Palaeogeographic reconstructions represent the Earth’s surface through time. This includes the underlying tectonics, depositional environments, climate, vegetation, rivers and landscape. Getech has considerable expertise in palaeogeographic analysis and mapping, with a large team of over 12 geologists working full time on the next generation of atlases, which currently include reconstructions for every stratigraphic Stage back to the Permian.
Palaeogeography, put simply, represents the geography of the Earth’s past. At Getech palaeogeography is central to showing how the complex elements of the Geological Record fit together spatially and temporally. Nowhere is this more important than in exploration: the past juxtaposition and distribution of source, reservoir and seal deposition; how these relate to and are dictated by the underlying tectonics; the source to sink relationships that map the transport pathways for clastics, and the degree of structuralisation in a basin.
Getech’s digital Atlases of Palaeogeography now comprise ArcGIS™-based maps for every one of the 59 Stages from the Permian to Present Day, and include reconstructions of the following: structural and tectonic elements; gross depositional environments (GDEs); tectonophysiographic terranes (the tectonic regime as classified according to the last thermo-mechanical event to affect the area); shoreline positions (both maximum transgression and lowstand); lithology; palaeorivers and palaeodrainage basins; PalaeoDEMS (bathymetry and topography), together with representations of the underlying data. These maps then form the boundary conditions for state-of-the-art Earth System Modelling experiments, which provide results for the contemporary climatology, oceanography, tides, waves and vegetation.
Building these maps is an iterative and highly-skilled process. Getech’s Palaeogeographic Mapping Teams currently comprise 15 full-time staff with a combined mapping experience of over 40 years.
Getech has been responsible for developing new mapping techniques, and especially for refining the concept of Tectonophysiographic Terranes (Markwick & Valdes, 2004) and building the extensive attribution and audit trails accompanying the Getech maps. The mapping concepts themselves build on the seminal research of Professor Fred Ziegler at the University of Chicago, whose Paleogeographic Atlas Project (PGAP) published some of the earliest palaeotopographic atlases back in the late 1970s and 1980s and were responsible for many of the methods still used by numerous palaeogeographers today (see Ziegler et al. 1985).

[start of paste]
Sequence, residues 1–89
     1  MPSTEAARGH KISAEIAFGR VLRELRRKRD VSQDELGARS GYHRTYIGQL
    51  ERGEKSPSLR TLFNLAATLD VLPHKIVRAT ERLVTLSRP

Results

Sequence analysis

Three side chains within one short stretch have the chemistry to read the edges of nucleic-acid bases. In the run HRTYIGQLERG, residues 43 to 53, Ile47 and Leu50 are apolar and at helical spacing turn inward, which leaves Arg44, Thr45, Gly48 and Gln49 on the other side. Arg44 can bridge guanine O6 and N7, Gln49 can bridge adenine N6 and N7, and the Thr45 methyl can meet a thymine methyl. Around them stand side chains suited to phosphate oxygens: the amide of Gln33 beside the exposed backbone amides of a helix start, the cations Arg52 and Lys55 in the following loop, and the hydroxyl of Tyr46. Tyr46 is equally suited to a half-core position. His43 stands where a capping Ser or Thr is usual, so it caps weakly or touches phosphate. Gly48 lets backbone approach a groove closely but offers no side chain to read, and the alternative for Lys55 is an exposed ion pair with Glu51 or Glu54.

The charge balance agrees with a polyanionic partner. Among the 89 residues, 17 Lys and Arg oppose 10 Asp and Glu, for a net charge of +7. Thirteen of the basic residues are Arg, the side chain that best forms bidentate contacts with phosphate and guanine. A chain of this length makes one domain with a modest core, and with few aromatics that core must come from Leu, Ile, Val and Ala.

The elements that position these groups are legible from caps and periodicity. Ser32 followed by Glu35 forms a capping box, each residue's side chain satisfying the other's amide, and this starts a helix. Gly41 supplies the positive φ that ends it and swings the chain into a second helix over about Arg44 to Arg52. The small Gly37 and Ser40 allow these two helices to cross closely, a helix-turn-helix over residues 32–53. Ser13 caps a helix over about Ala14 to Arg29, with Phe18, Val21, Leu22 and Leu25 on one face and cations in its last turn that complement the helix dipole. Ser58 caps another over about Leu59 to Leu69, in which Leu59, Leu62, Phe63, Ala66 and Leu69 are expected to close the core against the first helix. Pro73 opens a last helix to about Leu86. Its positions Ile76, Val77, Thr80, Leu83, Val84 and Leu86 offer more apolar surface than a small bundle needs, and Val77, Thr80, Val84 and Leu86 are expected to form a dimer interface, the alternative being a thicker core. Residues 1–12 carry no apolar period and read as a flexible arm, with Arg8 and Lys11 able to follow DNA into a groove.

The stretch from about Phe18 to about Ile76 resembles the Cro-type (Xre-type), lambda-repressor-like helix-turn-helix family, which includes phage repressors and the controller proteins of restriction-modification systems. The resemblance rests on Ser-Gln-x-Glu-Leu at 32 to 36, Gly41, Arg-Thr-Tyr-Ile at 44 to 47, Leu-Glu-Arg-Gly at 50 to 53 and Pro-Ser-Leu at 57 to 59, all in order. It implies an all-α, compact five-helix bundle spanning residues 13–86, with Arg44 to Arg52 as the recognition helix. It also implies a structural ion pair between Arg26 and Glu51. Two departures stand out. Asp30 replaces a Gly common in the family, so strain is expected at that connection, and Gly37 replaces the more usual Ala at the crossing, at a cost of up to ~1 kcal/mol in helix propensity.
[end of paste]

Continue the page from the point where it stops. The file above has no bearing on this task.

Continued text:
Interpretations are drawn onto basemaps, which are generated using the results of the plate modelling, structural mapping and analysis, and rotated ‘observational’ and other primary data from our extensive wells and outcrop database, digital geology and other third party databases. These are used to constrain the depositional environments, lithologies (together grouped as GDEs) and tectonics.
Our underlying paradigm is that the maps represent contemporary base-level with areas of deposition (below base-level) and areas subjected to erosion (areas above base-level or tectonophysiographic terranes). This allows the maps to show the dynamics of the landscape and related depositional systems, whilst also providing a direct conceptual link to accommodation space and sequence stratigraphy.
This is an iterative process because insights learned from the mapping are fed back into both the plate model and structural datasets for further refining. The resulting maps are then used as the basis for constructing palaeodrainage and PalaeoDEMs. The reconstructed palaeodrainage is the result of a comprehensive analysis of Present Day morphometrics constrained by provenance, stratigraphic and sedimentological observations. Other data, such as fish DNA and palaeobiogeography, provide further tests of hypotheses. The PalaeoDEMs follow the methodologies outlined in Markwick and Valdes (2004), and are based on an analysis of elevational distributions for different tectonic settings then refined using palaeoaltimetry and denudation information. Combined these explicitly show source to sink relationships across the globe, which is key for understanding reservoir quality and composition.
The palaeobathymetric and palaeotopographic grids, and defined palaeo-river systems, provide the key boundary conditions for a coupled ocean-atmosphere climate model, which is used to generate quantitative oceanographic, climatic and vegetation results. The paleobathymetric models also provide the necessary input for detailed, variable mesh tidal modelling, which is used to reconstruct transport capacity and the probable nature of coastal bedforms.
All our work can be easily implemented into regional studies, both by ourselves and our clients, including, amongst others, refined high resolution structural datasets, CRS mapping and landscape analysis studies.